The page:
Women Marines Assoc. brings together a ‘glorious’ group
CLAYTON, CA (May 18, 2023) — As one of the first 10 female aviators in the Marine Corps, Lt. Col. Jenifer Matheson understands her place in history. That’s why the Women Marines Association (WMA) is so “near and dear to the heart” of the helicopter pilot.
“They were the trailblazers to allow women like me the chance to become a Naval aviator and fly in combat,” says Matheson, noting that her twin daughters both received scholarships from the charitable group.
Established in Denver in 1960, WMA is committed to remembering and appreciating all women who have worn the uniform and to influence the next generation of female Marines. Matheson, a life member of WMA, told fellow Marine and Clayton resident Janet Johnson about the group.
“I was flabbergasted. I had no idea this organization existed,” says Johnson.
After joining, Johnson was overwhelmed with emotion at the Las Vegas conference in 2021. “Walking into a huge meeting room full of women Marines was beyond amazing – it was glorious.”
Matheson began her journey to the Marines after graduating with a business degree and paralegal certificate from Marymount University in the early ’90s. She applied to law school but didn’t get in. Instead, she became a flight attendant and later obtained her private pilot’s license.
“I started dating a guy who was in the F-14 Tom Cat fighter squadron – you know, when ‘Top Gun’ was big. I started hanging out with his squadron. I knew I wanted to fly,” she recalls. “He told me: ‘You’re a girl; you’re never going to get a military flight contract.’ And I said: ‘You have no idea who I am – watch me.’ ”
The Marine Corps was Matheson’s first choice. “But they only accepted women very occasionally into their officer program,” she notes. “So, I took a Navy commission and I got ‘winged’ in the Navy.”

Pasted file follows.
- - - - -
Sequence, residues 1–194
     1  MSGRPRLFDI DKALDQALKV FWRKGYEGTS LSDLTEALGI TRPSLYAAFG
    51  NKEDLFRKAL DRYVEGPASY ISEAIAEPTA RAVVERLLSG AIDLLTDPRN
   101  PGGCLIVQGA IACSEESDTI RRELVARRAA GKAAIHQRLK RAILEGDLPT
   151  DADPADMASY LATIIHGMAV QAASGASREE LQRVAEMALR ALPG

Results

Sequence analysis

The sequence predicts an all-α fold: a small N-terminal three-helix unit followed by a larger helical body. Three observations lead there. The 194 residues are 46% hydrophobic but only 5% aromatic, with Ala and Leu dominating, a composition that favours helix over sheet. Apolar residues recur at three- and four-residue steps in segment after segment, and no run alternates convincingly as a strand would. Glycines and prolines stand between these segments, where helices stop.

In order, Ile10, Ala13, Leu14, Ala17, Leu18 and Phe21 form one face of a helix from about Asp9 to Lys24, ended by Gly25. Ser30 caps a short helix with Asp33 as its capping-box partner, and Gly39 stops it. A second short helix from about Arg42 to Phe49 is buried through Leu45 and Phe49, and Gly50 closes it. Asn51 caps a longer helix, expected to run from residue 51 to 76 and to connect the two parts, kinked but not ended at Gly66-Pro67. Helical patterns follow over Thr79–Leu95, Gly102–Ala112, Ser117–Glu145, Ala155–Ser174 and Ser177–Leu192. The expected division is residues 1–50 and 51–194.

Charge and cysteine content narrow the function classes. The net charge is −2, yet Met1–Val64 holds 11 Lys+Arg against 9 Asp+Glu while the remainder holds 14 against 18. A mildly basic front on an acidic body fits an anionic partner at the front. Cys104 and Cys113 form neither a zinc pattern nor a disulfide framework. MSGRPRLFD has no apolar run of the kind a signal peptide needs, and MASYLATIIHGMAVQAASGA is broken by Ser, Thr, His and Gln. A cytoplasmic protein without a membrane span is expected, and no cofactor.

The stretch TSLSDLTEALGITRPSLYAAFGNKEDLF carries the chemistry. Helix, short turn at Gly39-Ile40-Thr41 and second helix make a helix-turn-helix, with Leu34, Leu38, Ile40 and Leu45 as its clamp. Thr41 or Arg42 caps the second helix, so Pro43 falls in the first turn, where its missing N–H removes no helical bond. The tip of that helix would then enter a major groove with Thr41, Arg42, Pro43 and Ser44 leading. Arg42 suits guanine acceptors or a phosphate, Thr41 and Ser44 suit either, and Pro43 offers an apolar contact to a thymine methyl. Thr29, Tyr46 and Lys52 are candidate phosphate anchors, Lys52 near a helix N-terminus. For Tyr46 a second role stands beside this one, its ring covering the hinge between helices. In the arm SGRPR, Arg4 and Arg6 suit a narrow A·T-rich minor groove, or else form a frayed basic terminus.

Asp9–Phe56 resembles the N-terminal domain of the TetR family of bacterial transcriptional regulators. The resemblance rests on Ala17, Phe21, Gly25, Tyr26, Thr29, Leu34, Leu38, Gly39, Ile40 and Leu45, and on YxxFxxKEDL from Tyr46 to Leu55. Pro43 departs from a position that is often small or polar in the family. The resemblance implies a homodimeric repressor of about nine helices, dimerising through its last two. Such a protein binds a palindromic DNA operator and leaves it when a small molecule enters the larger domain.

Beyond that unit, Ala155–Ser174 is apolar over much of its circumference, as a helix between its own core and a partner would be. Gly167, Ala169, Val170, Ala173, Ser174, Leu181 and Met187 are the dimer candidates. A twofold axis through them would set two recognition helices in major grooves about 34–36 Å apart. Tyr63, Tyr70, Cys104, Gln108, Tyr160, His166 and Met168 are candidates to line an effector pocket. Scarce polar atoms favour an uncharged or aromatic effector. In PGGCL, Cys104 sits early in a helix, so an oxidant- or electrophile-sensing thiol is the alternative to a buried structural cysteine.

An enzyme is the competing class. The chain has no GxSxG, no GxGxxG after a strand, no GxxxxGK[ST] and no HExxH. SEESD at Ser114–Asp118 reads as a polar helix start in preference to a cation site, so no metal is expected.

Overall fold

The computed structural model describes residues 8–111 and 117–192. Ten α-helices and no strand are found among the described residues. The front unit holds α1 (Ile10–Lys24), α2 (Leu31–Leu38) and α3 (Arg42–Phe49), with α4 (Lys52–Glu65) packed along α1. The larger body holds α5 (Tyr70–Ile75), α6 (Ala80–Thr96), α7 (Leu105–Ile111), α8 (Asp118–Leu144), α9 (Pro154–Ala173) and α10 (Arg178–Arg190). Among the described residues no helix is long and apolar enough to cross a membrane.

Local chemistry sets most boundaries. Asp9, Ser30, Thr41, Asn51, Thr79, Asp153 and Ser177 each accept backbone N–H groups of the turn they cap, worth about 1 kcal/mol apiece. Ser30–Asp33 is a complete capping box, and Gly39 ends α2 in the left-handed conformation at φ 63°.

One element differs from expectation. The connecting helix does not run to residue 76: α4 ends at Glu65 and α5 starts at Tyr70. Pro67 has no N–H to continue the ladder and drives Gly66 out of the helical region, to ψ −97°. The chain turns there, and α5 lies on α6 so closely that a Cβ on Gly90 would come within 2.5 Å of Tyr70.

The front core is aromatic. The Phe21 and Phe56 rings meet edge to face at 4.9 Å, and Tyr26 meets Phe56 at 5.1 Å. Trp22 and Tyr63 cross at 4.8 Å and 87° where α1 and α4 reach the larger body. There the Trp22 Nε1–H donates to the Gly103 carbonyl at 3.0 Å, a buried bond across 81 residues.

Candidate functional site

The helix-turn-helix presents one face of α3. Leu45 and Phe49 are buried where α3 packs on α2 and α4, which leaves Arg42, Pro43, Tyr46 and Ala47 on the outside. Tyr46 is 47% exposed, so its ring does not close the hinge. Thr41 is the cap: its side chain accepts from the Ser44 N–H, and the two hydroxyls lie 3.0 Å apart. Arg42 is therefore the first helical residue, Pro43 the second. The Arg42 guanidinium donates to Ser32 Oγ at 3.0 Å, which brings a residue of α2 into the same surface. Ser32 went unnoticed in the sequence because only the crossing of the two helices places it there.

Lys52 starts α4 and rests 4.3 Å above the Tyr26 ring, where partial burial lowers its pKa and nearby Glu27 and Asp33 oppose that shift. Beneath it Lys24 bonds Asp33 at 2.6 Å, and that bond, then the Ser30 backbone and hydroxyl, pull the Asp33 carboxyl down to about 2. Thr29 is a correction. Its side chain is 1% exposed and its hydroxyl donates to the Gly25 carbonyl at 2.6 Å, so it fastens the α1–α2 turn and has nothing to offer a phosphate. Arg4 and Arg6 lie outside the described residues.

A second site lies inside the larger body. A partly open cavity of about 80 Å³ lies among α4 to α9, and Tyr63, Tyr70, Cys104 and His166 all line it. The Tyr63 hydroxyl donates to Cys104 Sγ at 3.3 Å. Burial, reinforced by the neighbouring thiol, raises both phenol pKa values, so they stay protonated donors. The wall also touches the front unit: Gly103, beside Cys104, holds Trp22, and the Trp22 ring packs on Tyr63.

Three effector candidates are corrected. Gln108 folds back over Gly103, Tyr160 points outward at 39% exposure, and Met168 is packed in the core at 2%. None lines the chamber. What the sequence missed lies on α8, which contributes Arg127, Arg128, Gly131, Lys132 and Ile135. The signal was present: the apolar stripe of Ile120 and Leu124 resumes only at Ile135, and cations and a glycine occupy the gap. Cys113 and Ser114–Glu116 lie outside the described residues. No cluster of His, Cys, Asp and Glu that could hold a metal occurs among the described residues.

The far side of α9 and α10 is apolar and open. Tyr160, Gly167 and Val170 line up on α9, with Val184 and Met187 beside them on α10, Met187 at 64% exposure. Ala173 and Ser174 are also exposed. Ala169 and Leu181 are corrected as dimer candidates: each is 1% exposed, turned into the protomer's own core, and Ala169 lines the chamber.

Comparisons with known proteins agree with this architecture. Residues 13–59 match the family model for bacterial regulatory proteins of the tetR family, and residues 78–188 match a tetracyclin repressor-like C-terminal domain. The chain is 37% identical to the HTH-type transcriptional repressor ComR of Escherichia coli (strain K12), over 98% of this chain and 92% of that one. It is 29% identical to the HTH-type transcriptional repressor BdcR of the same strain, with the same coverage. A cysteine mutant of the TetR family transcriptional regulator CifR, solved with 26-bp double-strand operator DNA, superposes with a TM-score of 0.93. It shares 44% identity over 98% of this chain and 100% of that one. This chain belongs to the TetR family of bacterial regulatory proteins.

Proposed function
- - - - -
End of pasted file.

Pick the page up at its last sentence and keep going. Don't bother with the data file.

While in officer candidate school in Pensacola, Fla., she admired her Marine drill instructors for their “absolute professionalism, excellent leadership and attention to detail.” She realized she had to be a part of that group and applied for an interservice transfer. She was sworn in as a Marine first lieutenant in November 1997.
Looking for direction
Johnson had a somewhat less altruistic reasons for joining the Marines – she thought the recruiter was cute.
“What I really wanted to do was flirt with him, but he was dead-pan serious – he wasn’t having any of that. He gave me all this literature,” says Johnson, who was struggling in college and decided that very day to join the Marines.
She served 1965-’66, when female Marines – and the jobs for them – were limited. After “growing up really fast” in boot camp, she started as a clerk-typist at Camp Pendleton. Turns out she wasn’t particularly suited for the job, but her boss, Staff Sgt. Peeples, intervened.
“He saw some of my drawings and got me transferred over to the Training Aids Library. Not that I did a lot of drawing, but it was a better job for me,” she recalls, noting that she made signs and distributed equipment like projectors.
She moved up the ranks from private, to private first class to lance corporal. But after that year, her focus turned to marriage and family.